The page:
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Mount Nemrut

Kayseri, Turkey


Mount Nemrut is a 2150 m high mountain positioned in the middle of Taurus Mountains in Southeastern Turkey. It is precisely located in Commagene of the province of Adiyaman. Commagene is situated around the city of Adiyaman in southeastern Anatolia. The mountain lies 40 km (25 mi) north of Kahta, near Adıyaman. In 62 BC, King Antiochus I Theos of Commagene built on the mountain top a tomb-sanctuary flanked by huge statues (8–9 m/26–30 ft high) of himself, two lions, two eagles and various Greek, Armenian, and Iranian gods, such as Hercules-Vahagn, Zeus-Aramazd or Oromasdes (associated with the Iranian god Ahura Mazda), Tyche, and Apollo-Mithras. These statues were once seated, with names of each god inscribed on them. The heads of the statues have at some stage been removed from their bodies, and they are now scattered throughout the site.
The pattern of damage to the heads (notably to noses) suggests that they were deliberately damaged because of belief in iconoclasm. The statues have not been restored to their original positions. The site also preserves stone slabs with bas-relief figures that are thought to have formed a large frieze. These slabs display the ancestors of Antiochus, who included both Greek and Persians.
The same statues and ancestors found throughout the site can also be found on the tumulus at the site, which is 49 m (161 ft) tall and 152 m (499 ft) in diameter. The statues appear to have Greek-style facial features, but Persian clothing and hairstyling.
The Commagene region has seen many rulers. The Persians, Alexander the Great and Seleucus I Nikator ruled, until it was established as an autonomous empire by Mithradates I Kallinikos. Commagene reached its golden era during the reign of his son Antiochos I Epiphanes. This dynasty flourished until AD 72 after, which Commagene was occupied by the Romans and was regarded as a part of Syria.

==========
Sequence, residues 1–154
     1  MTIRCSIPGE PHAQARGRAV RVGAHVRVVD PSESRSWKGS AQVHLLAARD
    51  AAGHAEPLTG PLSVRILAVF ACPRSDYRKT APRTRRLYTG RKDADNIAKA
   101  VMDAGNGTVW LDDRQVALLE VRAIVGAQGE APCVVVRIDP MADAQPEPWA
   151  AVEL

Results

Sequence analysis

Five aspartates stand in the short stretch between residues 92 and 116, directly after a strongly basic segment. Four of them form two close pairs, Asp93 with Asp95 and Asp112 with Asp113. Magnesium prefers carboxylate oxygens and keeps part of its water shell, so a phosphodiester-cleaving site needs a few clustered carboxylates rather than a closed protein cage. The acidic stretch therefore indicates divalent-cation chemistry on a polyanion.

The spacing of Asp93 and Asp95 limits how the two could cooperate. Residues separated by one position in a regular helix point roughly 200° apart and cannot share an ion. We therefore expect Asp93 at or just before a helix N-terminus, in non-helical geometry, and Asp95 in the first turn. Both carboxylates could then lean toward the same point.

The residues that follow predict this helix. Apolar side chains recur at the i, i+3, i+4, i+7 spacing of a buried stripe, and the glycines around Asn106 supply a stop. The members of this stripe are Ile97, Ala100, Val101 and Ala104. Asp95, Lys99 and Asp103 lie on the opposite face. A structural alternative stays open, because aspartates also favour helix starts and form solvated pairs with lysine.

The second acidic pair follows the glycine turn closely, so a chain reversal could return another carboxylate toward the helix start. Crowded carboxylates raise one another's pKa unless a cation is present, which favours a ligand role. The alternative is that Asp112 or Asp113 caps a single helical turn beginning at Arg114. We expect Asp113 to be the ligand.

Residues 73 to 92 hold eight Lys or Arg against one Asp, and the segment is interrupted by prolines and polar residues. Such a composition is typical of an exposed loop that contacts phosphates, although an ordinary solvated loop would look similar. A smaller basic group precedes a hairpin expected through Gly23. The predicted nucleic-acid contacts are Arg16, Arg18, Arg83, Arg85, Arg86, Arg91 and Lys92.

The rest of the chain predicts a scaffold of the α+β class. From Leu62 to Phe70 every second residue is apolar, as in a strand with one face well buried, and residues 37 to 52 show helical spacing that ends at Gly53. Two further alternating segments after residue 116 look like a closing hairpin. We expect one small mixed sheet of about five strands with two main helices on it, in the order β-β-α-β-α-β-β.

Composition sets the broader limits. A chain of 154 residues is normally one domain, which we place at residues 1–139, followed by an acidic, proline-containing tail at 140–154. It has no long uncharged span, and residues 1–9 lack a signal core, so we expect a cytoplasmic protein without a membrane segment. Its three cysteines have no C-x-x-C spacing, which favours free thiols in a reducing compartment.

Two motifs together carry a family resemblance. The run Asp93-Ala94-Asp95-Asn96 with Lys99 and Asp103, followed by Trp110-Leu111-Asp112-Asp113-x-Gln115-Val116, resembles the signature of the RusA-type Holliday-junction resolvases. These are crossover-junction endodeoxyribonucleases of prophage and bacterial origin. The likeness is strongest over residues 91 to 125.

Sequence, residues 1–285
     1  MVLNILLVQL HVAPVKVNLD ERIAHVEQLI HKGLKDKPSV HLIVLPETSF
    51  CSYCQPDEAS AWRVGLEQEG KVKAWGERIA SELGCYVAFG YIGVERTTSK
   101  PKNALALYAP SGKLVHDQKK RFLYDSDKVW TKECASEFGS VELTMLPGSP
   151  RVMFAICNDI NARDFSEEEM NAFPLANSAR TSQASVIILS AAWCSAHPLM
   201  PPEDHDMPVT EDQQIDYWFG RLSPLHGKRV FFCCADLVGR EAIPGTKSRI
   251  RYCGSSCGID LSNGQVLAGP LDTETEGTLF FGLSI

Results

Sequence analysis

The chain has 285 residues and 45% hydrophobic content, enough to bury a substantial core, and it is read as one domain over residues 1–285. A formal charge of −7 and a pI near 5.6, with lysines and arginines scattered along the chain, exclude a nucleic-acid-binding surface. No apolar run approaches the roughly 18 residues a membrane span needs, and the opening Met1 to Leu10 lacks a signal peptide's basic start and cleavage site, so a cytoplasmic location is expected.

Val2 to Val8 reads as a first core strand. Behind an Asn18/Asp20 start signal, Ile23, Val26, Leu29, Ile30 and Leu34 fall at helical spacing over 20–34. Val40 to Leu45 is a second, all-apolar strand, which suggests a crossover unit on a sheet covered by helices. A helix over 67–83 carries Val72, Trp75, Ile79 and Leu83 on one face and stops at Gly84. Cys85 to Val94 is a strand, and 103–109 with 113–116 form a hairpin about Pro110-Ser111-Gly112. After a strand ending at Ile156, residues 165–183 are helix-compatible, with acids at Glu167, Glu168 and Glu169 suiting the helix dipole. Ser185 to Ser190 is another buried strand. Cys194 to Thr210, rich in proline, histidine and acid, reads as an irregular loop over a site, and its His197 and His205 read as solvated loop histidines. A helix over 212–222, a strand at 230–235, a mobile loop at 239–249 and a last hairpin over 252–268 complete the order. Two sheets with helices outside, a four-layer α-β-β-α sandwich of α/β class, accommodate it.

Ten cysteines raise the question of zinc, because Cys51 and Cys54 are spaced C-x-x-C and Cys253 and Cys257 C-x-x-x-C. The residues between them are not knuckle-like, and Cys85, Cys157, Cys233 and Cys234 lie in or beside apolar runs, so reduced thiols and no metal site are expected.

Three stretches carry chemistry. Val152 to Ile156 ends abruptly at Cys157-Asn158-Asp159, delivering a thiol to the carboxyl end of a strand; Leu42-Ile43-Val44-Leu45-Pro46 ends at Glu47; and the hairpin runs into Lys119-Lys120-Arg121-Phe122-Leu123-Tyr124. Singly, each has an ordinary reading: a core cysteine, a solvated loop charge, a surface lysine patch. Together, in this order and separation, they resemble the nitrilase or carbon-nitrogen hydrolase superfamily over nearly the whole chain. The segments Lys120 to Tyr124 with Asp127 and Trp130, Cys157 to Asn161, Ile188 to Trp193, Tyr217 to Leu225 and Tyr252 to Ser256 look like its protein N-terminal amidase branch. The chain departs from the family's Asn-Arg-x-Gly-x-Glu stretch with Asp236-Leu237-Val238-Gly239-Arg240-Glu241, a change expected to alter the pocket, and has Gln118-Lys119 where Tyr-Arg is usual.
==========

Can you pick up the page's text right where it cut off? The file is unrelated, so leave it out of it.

Dawn is the best time to visit Mount Nemrut and the sunrise is breathtaking. A striking contrast is formed between the ruins and the natural beauty, no wonder it is regarded as the 8th wonder.
n 1987, Mount Nemrut was made a World heritage site by UNESCO. Tourists typically visit Nemrut during April through October. The nearby town of Adıyaman is a popular place for car and bus trips to the site, and one can also travel from there by helicopter. There are also overnight tours running out of Malatya or Kahta.
The main attractions in Mount Nemrut are the East and West terraces, tumulus, the statues, and the relief. 
On the top of Mount Nemrut, lies the Hierothesion, which is the sacred resting place built by Antiochos himself. The whole structure consists a tumulus and three terraces. The tumulus is actually a structure created by piling up pieces of stone and is 50 m in height and 150 m in diameter. Though many discoveries suggest that the Hierothesion was Antiochos` burial ground, yet scientific research proves the absence of any sort of chamber or a cavity in the tumulus. 
Three terraces on the east, west and north side, flank the Hierothesion. The east and west each contain a similar row of statues and three rows of relief. The terrace also has a large altar meant for sacrifices and offerings and measures about 13.5x13.5m. On the other hand, the north terrace is void of any statues or relief. 
The statues that were a part of the east and west terrace consisted Zeus, Apollo, Hercules, Tyche (Fortuna) and of Antiochus himself. Finally, a lion and an eagle were placed beside them as guardians. These huge statues made of stone now lie in a destructed form with heads of the deities lying on the ground. 
The relief on the terrace depicts the ancestors of Antiochos I and is in an incomplete form.
Adiyaman offers excellent lodging facilities from where you could take a leisurely tour of Mount Nemrut. 

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